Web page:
The computer industry as a whole needs to do a much better job at security. They need to get it right the first time. Not rely on endless patching. Why? Because there are products out there that might not ever be updated, that a manufacturer has already moved on from. Old TV sets, old phones and operating systems that cannot be upgraded, smoke detectors, door locks, light bulbs, refrigerators,...wifi is used in just about everything now.

Got to get this stuff right to begin with. Too important not to.


Yeah, well Wi-Fi has been around for over ten years now and this flaw has just now been discovered. There is literally NO WAY to “get this stuff right to begin with.” Like I have posted once before I worked for AT&T for 34 years in a telephone central office. Digital telephone switches began to be installed in the 1980s and thirty years later those switches are still being patched almost daily. Software development just doesn’t work the way you are expecting it too. There has never been a piece of software released that didn’t require updating or patching. And there never will be.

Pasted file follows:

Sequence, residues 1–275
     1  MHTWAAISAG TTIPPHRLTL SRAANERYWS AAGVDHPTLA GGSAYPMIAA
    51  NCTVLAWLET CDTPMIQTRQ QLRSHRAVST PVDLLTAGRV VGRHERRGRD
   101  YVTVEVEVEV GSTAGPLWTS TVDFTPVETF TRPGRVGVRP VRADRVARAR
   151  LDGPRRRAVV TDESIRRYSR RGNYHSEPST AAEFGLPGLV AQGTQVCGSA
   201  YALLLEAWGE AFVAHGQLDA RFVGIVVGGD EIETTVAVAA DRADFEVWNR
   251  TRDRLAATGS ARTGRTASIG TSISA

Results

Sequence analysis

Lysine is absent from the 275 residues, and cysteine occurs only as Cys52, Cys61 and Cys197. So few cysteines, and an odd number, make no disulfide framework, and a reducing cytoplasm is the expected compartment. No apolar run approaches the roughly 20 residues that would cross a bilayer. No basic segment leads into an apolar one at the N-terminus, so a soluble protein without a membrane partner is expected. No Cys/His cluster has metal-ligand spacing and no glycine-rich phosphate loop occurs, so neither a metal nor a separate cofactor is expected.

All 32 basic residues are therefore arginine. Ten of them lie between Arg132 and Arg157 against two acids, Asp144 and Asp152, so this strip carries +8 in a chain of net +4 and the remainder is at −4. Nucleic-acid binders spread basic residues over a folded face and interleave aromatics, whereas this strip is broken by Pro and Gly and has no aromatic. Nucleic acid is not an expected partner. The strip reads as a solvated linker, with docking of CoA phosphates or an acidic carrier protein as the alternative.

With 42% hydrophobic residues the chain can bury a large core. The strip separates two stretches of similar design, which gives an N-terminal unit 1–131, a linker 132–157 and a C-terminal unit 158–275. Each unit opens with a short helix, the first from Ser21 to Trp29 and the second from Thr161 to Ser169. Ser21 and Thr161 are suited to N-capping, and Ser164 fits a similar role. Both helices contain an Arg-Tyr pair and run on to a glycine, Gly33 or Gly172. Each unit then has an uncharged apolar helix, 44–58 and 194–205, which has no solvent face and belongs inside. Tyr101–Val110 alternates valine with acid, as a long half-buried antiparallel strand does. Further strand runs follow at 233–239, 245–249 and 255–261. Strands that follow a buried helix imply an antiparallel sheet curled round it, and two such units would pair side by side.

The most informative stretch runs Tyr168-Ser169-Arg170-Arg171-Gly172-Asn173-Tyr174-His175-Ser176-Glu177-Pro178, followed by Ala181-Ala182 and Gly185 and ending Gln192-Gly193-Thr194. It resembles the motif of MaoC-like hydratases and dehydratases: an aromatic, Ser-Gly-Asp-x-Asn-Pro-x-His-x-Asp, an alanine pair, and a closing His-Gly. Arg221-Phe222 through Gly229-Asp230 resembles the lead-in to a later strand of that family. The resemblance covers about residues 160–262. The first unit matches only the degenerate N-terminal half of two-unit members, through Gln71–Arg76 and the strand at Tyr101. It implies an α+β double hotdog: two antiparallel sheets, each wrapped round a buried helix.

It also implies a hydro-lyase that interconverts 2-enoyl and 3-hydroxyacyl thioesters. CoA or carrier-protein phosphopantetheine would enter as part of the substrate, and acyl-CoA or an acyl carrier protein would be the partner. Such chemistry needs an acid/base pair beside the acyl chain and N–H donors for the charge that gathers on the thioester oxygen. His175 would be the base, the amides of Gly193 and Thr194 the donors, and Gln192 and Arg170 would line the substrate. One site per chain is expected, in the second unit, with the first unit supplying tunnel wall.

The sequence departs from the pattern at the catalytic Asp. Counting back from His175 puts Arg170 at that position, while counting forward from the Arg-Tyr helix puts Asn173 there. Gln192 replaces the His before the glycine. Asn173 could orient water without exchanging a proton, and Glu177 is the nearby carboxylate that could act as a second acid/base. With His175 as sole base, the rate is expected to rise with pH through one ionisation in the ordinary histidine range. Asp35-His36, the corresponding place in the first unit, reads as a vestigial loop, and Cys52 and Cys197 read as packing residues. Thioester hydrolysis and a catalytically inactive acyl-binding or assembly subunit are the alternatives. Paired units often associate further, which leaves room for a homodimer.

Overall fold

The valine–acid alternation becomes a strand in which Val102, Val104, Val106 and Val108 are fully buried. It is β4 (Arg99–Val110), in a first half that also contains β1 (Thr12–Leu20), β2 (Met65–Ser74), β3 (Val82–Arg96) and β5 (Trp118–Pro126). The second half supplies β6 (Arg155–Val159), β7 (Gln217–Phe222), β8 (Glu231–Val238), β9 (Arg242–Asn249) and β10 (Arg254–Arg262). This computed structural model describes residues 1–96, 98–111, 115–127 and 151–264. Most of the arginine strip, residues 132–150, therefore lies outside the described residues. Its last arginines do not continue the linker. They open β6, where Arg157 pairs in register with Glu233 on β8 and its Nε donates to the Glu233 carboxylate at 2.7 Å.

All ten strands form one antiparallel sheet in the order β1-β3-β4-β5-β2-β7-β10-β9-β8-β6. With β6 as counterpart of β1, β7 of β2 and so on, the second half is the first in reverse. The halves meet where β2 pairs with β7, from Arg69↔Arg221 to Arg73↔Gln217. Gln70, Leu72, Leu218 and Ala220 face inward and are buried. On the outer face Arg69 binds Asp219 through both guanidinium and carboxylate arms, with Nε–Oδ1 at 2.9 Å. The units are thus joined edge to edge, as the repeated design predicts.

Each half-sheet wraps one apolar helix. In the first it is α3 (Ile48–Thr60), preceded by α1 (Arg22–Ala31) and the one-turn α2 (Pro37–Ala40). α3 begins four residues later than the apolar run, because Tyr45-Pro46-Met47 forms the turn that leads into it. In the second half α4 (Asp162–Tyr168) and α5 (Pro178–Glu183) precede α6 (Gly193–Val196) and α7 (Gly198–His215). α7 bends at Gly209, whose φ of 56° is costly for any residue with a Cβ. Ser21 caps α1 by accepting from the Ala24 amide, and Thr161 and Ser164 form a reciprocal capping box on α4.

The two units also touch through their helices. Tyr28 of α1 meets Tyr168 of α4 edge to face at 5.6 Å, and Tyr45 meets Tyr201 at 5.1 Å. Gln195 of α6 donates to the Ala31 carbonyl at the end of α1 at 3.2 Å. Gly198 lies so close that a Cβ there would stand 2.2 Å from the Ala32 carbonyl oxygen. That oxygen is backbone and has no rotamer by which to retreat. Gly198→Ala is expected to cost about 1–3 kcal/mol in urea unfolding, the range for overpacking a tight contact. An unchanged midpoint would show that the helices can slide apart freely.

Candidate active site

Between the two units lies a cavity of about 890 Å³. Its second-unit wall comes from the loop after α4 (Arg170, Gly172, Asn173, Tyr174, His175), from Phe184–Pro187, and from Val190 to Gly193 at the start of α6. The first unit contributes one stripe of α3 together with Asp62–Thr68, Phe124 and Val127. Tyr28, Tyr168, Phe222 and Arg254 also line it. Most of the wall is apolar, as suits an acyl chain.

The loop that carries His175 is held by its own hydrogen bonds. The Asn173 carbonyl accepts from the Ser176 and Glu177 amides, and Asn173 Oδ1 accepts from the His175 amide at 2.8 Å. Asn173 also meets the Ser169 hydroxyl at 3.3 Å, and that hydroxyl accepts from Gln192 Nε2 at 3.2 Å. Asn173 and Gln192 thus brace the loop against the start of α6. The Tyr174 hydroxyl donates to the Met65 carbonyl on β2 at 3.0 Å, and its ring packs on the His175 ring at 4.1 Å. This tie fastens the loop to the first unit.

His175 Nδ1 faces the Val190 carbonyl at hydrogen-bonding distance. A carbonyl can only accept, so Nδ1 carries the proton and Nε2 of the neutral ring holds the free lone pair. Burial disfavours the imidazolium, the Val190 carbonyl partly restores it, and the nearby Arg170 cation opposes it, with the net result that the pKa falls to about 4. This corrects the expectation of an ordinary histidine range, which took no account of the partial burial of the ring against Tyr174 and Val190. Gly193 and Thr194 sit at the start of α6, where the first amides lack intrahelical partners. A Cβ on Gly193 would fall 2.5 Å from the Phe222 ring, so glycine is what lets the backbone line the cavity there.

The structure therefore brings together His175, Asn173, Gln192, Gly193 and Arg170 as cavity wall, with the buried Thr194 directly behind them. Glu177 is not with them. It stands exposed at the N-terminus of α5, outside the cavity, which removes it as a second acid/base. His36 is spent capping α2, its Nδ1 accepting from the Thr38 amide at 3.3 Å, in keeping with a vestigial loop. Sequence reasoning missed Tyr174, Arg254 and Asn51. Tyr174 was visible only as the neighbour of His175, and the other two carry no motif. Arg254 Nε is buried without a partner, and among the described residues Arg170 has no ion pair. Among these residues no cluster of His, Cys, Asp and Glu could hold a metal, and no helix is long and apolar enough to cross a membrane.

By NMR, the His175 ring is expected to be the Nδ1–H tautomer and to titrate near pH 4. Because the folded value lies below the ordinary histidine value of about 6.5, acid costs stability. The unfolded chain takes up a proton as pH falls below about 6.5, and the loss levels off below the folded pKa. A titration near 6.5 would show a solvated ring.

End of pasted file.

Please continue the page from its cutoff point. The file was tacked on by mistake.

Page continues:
Score: 12 Votes (Like | Disagree)
Avatar
32 months ago

Support for 32-bit has ended. The newest 32-bit device was released in 2013. Sorry, but supporting devices that are over 4 years old just doesn't make sense.

Apple supports their devices FAR LONGER than the industry average. If you're concerned, it might be time to consider upgrading to something a bit newer.